Summer by the Sea
'SUMMER BY THE SEA' - HOW GRANDMUM SURVIVED THE TROPICAL GOA SUMMER BEFORE THE DAWN OF MODERN COMFORTS
Summer was a time of joy. School-breaks, vacations at family homes and as the trend' progressed, in carefully designed tours of far-away places on high mountains or within inches of the sea. For grandmum, it was none of it. She waited and prepared for summer more poignantly, than any other season during the year.
In all our summer time spent at our village in Goa, she was possibly the happiest during this season. Goa until the last decade had a history of summer power cuts and limited work that generators could do. It is quite painful to imagine today my memories of it as a child, craving to go back to the city, in the cool comfort of the apartment, the air-conditioned walls and malls. Grandmum, however thrived. And thrived would be an understatement to the happiness she felt and spread across to everyone during this season.
As I enter my fourth full-time summer in the tropics this year, in power-cuts and negligible air-conditioning, here are some of the lessons learnt from grandmum in surviving the tropical Goa summer without modern comforts to the present and rising heat.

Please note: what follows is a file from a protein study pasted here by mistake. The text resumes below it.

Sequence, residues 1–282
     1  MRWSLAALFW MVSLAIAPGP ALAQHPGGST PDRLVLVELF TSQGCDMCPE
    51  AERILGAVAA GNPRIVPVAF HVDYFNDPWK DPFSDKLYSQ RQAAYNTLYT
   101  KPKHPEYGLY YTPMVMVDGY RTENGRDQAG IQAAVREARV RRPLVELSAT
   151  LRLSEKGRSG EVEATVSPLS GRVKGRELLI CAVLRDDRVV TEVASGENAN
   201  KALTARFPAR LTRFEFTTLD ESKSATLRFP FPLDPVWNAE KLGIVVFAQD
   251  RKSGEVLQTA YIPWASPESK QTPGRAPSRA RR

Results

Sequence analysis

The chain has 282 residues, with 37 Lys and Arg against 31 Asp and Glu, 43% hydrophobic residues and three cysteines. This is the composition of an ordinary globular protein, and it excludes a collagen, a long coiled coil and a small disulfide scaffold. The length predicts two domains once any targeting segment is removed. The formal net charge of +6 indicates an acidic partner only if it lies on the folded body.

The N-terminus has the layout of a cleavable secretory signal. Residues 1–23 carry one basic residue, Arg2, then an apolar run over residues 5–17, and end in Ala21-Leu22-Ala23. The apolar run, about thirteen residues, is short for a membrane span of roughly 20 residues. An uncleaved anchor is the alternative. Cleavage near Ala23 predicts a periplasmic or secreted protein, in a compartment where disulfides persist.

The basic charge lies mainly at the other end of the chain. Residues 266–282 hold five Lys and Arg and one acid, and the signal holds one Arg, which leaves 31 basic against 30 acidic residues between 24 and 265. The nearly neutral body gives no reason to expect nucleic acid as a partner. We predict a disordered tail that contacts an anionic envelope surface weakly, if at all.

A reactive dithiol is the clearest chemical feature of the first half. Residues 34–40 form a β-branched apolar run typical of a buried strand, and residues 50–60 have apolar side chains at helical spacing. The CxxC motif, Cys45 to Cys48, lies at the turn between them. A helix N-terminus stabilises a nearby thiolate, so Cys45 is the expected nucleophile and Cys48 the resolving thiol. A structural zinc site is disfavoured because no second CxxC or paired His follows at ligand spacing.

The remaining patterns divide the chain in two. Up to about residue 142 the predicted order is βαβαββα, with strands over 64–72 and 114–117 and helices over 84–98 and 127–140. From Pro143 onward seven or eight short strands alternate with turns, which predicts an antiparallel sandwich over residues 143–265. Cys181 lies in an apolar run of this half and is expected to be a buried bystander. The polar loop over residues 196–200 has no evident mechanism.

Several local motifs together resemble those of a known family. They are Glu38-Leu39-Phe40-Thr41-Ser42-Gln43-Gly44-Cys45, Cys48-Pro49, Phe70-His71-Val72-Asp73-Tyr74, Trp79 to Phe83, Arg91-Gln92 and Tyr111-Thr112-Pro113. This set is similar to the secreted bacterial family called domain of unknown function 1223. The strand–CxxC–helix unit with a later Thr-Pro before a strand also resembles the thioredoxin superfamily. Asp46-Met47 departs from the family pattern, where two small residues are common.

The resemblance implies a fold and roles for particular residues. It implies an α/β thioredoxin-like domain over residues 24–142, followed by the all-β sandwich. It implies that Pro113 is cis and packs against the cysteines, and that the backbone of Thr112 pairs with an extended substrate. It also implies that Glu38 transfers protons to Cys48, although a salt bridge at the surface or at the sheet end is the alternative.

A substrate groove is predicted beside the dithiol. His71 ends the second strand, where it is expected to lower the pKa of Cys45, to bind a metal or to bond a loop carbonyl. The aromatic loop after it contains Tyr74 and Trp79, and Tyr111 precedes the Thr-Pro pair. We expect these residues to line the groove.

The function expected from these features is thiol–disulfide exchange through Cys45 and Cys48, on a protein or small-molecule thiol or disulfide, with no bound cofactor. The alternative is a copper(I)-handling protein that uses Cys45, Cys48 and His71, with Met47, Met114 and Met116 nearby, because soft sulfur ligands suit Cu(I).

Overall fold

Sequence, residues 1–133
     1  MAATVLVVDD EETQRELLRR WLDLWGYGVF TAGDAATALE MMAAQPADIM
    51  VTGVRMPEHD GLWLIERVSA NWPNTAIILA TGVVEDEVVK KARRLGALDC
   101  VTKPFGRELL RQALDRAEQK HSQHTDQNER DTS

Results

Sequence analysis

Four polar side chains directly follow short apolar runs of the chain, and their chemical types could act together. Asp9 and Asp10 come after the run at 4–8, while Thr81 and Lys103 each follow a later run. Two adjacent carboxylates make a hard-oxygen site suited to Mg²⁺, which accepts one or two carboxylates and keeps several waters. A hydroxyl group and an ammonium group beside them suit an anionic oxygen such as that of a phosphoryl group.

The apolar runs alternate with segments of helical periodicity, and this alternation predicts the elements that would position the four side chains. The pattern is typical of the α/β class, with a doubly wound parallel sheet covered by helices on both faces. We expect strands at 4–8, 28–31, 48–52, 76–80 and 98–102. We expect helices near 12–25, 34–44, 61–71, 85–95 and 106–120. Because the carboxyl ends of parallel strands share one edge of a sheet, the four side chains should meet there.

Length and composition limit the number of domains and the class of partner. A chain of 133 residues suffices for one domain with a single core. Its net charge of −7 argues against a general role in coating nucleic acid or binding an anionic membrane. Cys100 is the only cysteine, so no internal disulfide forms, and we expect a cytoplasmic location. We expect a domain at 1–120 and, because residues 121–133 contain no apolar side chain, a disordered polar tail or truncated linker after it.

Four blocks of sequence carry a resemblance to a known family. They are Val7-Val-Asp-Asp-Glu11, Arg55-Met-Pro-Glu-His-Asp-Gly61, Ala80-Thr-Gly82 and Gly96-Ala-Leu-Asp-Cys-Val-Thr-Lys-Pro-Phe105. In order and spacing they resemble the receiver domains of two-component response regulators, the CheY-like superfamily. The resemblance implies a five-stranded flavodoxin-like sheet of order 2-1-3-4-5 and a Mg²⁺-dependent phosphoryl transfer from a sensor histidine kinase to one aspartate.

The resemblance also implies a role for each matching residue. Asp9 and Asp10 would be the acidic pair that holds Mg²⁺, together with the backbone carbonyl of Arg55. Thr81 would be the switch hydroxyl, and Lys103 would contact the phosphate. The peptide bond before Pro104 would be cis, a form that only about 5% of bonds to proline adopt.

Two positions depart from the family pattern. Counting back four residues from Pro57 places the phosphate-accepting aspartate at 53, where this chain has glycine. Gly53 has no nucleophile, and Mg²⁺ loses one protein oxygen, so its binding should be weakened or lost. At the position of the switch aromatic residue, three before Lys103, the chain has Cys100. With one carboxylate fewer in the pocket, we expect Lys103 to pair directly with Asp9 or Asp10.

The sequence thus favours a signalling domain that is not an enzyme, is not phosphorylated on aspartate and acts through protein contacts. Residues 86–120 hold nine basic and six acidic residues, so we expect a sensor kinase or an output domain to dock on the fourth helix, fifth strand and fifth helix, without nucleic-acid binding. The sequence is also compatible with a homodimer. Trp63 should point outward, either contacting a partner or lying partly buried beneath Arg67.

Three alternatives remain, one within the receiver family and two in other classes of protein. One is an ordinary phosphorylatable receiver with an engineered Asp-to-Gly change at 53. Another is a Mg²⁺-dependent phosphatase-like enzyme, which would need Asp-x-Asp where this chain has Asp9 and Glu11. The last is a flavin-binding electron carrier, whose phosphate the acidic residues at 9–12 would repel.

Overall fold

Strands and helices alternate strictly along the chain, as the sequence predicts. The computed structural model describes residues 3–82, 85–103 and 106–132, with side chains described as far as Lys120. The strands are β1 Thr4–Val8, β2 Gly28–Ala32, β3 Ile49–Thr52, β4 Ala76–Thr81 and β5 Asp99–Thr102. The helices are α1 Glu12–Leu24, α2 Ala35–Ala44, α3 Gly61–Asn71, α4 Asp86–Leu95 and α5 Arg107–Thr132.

Trees make it easy:
Nana (grandmum) loves to this very day, a brilliant fullgrown mango or coconut tree. A lot of memories and pictures as evidence of those tiny memories formed in my baby-brain was of picnics, swings and bamboo beds under huge mango trees. Around the house, grandmum made sure that almost no portion of the backyard and frontyard was left without the shadows of trees.
I realised the magnum impact it had in terms of temperature when the trees around our city's apartment were cut and the temperature around the entire zone shot up by 3-4 degrees. The summers would be hot in Goa around the house, but not unbearable. A little stroll in the garden, a stool under the guava (peru) or drumstick tree while we procrastinated doing random-children stuff was pleasant, comfortable and as I remember it even today - Fun.
Grandmum's relationship with the coconut was probably beyond spiritual. It was like her own personal horcrux. The tree, palm and coconut. Summer coconuts from the frontyard tree were harvested each season. The entire plot of land would shudder as the modkar (coconut cutter) would throw bunch after bunch- 20, 50, 70 coconuts from the tree. The rest of our time would involve sneaking the curved machete (koita) and trying to cut a big, green coconut with the splashing sound of water inside to only be get caught by nana who would eventually cut a coconut for each one of us while telling us stories of people who've lost a finger trying to cut coconuts without learning to use the tools. I think our respect for people with the skill to cut a coconut stands at the epitome of everything thanks to those gnarly stories.